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EPMD Is Just Coolin’ With Another Smash Album : Rap: It’s ‘Business as Usual’ for hip-hop masters Erick Sermon and Parrish Smith, who are part of Saturday’s ‘A Gathering of the Tribes’ concert.

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SPECIAL TO THE TIMES

On a hot July afternoon in ‘88, the rap group Public Enemy made an appearance at the Wherehouse Records store at La Brea Avenue and Jefferson Boulevard promoting its second album, “It Takes a Nation of Millions to Hold Us Back”--a record that would soon be considered the greatest rap album of all time.

Rappers Chuck D and Flavor Flav grabbed microphones, and the deejay, Terminator X, dropped the turntable needle on . . . EPMD’s “You Gots to Chill,” the hottest rap record of the summer. As D and Flav rapped over the grooves in their own style, the record store began to rock. Even as Public Enemy’s noisy, radical sound was transforming the very nature of rap, the group knew that an EPMD jam was the easiest way to kick a hip-hop crowd into overdrive.

Three years later, EPMD--which appears on the eclectic rock-pop-and-rap “A Gathering of the Tribes” bill on Saturday at the Pacific Amphitheatre--still makes the kind of hip-hop that hip-hop fans like best: direct, honest, simple B-boy rhymes thrown over slow, bass-heavy beats; raw grooves made to pump from Jeeps, solid and uncompromisingly hard-core.

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EPMD’s Erick Sermon and Parrish Smith perched recently on the end of a bed in a Hollywood hotel suite, finished each other’s sentences, gave each other frequent high fives and dissolved into giggles. Their friend Tone Loc slumped in a chair in the corner of the room.

Sermon, 20, is the one whose delivery--which has been compared to a man rapping through a mouthful of marbles--defines the group’s distinctive sound. Smith, 21, raps too, and also lays down the beats.

The two became friends as they grew up in roughly the same Long Island neighborhood as rappers De La Soul and Eric B & Rakim. Smith was on a visit home from college in 1988 when he and Sermon recorded their first raps.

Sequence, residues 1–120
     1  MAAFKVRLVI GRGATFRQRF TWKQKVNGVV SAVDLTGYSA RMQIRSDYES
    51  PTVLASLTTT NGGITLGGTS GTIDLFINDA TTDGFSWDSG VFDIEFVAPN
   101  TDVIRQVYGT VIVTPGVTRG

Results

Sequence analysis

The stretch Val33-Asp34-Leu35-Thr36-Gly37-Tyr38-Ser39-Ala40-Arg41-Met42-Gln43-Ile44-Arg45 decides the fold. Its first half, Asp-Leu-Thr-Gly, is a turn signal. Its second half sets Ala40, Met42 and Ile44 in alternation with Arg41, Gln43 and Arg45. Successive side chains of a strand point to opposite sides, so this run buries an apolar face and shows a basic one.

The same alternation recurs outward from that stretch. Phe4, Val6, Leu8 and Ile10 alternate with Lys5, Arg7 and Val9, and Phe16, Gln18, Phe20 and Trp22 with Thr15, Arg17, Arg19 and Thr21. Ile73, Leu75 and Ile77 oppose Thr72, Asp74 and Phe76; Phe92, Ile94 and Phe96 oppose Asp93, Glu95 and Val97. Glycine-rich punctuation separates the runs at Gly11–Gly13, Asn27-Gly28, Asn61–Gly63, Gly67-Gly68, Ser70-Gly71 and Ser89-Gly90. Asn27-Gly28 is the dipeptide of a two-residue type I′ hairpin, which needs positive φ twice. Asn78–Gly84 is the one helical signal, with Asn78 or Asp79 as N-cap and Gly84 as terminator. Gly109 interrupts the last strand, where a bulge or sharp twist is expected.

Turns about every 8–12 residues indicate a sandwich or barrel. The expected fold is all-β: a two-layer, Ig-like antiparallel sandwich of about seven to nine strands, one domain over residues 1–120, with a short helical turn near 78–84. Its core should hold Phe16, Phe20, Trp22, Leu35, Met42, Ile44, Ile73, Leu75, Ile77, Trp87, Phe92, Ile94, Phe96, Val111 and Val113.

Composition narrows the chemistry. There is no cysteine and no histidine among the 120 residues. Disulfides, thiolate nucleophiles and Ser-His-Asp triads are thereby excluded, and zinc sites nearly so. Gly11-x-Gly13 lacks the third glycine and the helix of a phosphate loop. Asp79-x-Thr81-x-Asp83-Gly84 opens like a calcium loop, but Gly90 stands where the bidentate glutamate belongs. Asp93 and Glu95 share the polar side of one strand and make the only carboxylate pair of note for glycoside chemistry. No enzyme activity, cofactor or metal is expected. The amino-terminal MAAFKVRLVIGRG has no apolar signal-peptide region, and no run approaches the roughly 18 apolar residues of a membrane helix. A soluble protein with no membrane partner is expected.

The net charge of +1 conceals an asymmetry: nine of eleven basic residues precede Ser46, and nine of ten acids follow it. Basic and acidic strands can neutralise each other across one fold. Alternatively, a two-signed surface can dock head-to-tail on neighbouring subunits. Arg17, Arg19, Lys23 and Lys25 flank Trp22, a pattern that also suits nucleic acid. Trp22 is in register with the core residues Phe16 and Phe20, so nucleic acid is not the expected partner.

“We thought you were supposed to produce your own stuff,” Smith said, “so we just went in there and said, ‘Yo! Let’s make a record.’ Then we got in the business, and we found out that mostly every rapper has a producer who comes in and does the music. We just put it out. It was slammin’!

“So I was home on spring break, I signed (Sermon) out of school, saying I was his brother and he had to go to the dentist and the doctor’s. Yo, we chillin’. And we go to Manhattan and we just drive in there, man. And it only took one day. Took the tape to three companies, and the last one took us.”

The songs on the tape that EPMD submitted, “It’s Your Thing” and “You’re a Customer,” sold half a million copies for the small, independent Sleeping Bag Records as a two-sided single. As is.

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“They gave us the money to go redo it,” Smith said, “and we spent the money, man.”

“We got cash! We was coolin’! We was large!” Sermon bubbled, then gave Smith a complicated, six-part high five.

EPMD’s 10-song album “Strictly Business,” powered by the 12-inch singles for “It’s Your Thing” and “You Gots to Chill,” quickly rose to the top of Billboard’s R&B; chart. So did the ’89 follow-up, “Unfinished Business.”

If there seems to be something mercenary about the album titles, there is: EPMD, which stands for “Erick and Parrish Making Dollars,” has always concentrated on hip-hop’s subject A--getting paid--and the duo often seem as proud of their brand-new Mercedes 560s as they do of their music. Def Jam Records chief Russell Simmons reportedly paid $1.7 million to sign them to his label, which released the album “Business as Usual” in February. It topped the R&B; charts too.

But for all of EPMD’s fascination with money, the group has been remarkably reluctant to record anything that even smacks of crossover potential.

“I don’t want to start confusing my fans,” Smith said, looking up with alarm at Tone Loc. “Anybody can be EPMD, know what I’m saying? The fans are the same exact people as we are. If I wasn’t in EPMD, I’d be buying the EPMD tape. So if we do something stupid on the tape, they’re going to stop and think: ‘Would I do something stupid like this?’ ”

Tone Loc nodded approval.

“We’re not trying to do anything else,” Smith concluded. “We’re just fellas riding over in the service lane of rap. We like to chill.”

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